Kurt Friedrich Gödel “was a logician, mathematician, and philosopher.” Gödel is considered “to be one of the most significant logicians in history.” Gödel made important contributions to proof theory. “Proof theory is a major branch of mathematical logic that represents proofs as formal mathematical objects, facilitating their analysis by mathematical techniques.” Gödel made an attempt at using mathematics to prove the existence of God.
In an article published in Spektrum der Wissenschaft titled “Lässt sich Gott mathematisch beweisen?” and republished in the Scientific American under the title “Can God Be Proved Mathematically?,” Manon Bischoff mentions “a preprint study first posted in 2013” in which “an algorithmic proof wizard checked Gödel’s logical chain of reasoning—and found it to be undoubtedly correct.”
Gödel used logic to prove the existence of God. In the diagram below, where Ax stands for axioms, Th stands for theorems, and Df stands for definitions, Gödel proved that God exists:
After evaluating the twelve steps in the diagram above, Bischoff concludes:
“From this one can now conclude that God exists because this being possesses every positive property, and existence is positive.”
“As it turns out, Gödel’s logical inferences are all correct—even computers have been able to prove that.”
So, according to Gödel’s logic, the existence of God can be proven mathematically.
However, Bischoff writes that Gödel’s logic, although correct, does not prove the existence of the God of the Bible. Bischoff writes,
“But all of this does not ensure that this set is unique. There could be multiple collections that satisfy the requirements. For example, as logicians have shown, it is possible to construct cases where, by Gödel’s definition, there are more than 700 divine entities that differ in essence.”
“This does not settle the final question of the existence of one (or more) divine beings. Whether mathematics is really the right way to answer this question is itself questionable—even if thinking about it is quite exciting.”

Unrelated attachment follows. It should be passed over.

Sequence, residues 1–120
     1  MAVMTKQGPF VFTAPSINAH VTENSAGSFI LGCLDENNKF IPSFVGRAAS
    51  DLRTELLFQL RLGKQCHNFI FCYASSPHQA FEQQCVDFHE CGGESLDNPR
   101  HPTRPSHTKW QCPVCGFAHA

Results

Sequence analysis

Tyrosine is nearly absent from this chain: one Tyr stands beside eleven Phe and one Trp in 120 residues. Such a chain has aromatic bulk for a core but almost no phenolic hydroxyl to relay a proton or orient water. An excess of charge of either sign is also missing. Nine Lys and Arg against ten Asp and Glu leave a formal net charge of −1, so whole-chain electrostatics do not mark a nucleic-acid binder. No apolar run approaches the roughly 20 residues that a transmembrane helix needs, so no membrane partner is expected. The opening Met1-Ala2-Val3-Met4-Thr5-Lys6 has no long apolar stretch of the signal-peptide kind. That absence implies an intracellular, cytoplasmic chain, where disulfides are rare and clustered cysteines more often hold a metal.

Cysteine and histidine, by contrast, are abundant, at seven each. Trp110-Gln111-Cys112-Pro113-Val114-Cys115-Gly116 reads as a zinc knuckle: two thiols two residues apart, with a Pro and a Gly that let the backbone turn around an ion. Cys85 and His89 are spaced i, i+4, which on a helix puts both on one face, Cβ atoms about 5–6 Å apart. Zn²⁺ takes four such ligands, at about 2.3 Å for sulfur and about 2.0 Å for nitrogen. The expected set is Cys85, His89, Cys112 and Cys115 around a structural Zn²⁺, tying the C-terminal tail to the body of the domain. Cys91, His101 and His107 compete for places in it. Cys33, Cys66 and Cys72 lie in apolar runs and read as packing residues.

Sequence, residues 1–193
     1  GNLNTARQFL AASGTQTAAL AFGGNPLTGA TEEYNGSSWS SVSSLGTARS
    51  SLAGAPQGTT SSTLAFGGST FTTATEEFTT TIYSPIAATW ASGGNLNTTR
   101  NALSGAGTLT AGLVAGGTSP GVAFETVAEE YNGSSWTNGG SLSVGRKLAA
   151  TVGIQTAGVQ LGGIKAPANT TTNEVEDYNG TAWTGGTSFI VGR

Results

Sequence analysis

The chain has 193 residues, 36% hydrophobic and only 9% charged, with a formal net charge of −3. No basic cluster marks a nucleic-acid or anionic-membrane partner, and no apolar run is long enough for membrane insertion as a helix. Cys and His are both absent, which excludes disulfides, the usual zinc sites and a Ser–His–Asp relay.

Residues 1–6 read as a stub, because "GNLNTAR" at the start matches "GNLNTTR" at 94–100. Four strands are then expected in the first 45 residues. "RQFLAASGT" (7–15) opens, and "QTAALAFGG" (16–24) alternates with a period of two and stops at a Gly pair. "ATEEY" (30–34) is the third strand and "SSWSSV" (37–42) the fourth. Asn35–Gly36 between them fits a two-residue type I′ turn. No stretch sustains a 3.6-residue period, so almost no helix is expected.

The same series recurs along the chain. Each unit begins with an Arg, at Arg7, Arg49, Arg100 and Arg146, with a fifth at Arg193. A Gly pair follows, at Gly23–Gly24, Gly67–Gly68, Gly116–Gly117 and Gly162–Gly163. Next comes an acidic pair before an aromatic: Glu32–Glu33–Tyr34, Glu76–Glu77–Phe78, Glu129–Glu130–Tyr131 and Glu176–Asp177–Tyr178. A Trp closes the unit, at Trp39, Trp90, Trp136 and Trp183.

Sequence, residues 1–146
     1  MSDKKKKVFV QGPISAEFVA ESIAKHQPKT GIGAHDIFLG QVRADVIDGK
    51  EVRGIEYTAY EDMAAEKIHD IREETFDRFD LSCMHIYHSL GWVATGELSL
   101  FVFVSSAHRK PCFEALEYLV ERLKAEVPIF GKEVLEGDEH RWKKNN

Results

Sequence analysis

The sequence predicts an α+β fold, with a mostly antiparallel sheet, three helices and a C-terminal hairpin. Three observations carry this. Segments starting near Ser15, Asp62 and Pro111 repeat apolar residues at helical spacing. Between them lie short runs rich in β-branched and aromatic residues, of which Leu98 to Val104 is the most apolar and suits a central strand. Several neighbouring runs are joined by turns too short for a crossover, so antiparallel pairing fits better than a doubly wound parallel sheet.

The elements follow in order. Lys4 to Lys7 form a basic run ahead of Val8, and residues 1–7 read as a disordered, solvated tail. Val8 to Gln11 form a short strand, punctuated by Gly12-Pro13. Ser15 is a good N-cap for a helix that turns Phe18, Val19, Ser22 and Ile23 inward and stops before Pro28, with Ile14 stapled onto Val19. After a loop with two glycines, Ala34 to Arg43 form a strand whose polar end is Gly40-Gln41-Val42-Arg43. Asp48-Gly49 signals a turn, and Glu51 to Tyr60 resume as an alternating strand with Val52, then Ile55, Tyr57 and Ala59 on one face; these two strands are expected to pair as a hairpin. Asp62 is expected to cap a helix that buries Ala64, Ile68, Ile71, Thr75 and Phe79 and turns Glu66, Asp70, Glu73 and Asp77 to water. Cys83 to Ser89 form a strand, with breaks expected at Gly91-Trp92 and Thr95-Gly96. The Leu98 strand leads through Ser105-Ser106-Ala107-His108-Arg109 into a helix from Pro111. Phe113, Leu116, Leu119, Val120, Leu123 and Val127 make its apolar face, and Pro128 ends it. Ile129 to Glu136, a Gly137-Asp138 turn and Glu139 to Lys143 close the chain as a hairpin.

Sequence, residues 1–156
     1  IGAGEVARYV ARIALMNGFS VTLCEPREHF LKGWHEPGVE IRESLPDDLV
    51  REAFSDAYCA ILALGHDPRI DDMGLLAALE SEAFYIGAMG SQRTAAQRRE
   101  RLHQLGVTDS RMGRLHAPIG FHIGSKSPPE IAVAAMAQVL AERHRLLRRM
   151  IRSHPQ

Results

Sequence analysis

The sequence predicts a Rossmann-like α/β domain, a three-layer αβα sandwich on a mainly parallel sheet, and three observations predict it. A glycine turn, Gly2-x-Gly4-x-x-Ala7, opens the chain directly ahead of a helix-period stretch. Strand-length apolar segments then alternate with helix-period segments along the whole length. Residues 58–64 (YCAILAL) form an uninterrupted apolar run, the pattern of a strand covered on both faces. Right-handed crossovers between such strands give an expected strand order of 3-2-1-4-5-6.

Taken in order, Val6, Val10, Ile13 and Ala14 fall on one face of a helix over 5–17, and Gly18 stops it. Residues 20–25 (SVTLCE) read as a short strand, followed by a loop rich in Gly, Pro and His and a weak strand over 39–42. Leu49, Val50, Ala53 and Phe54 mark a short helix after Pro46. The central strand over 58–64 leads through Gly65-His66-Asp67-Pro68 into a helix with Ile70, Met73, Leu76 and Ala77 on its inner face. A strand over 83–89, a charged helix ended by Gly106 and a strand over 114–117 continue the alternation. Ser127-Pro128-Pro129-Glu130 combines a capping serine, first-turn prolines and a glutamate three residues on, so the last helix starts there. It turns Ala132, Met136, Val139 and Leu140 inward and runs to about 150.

For people of faith, the God of mathematics is not the God of revelation. The God who reveals himself in the history of Israel and in the person of Christ is a God who is known by faith.
As Emil Brunner wrote, “Through the Biblical revelation we discover that what we can ‘learn’ to know as ‘God’ by our own unaided efforts is not the True God, precisely because we acquire this ‘knowledge’ by our own efforts. . . . It does not bring us fulfilment. It does not bring us to our knees, and it moves neither heart nor will” (Brunner 1950:118).
Paraphrasing Hebrews 11:6: “It is impossible to believe that God exists without faith. Anyone who wants to come to him must believe that God exists and that he rewards those who sincerely seek him.”
Mathematics can prove that God exists, but it cannot prove that this God is “a God merciful and gracious, slow to anger, and abounding in steadfast love and faithfulness, keeping steadfast love for the thousandth generation, forgiving iniquity and transgression and sin” (Exodus 34:6–7). Only faith can prove what kind of God God is.
Brunner, Emil. The Christian Doctrine of God. Volume 1. Philadelphia: The Westminster Press, 1950.
Emeritus Professor of Old Testament
Northern Baptist Seminary
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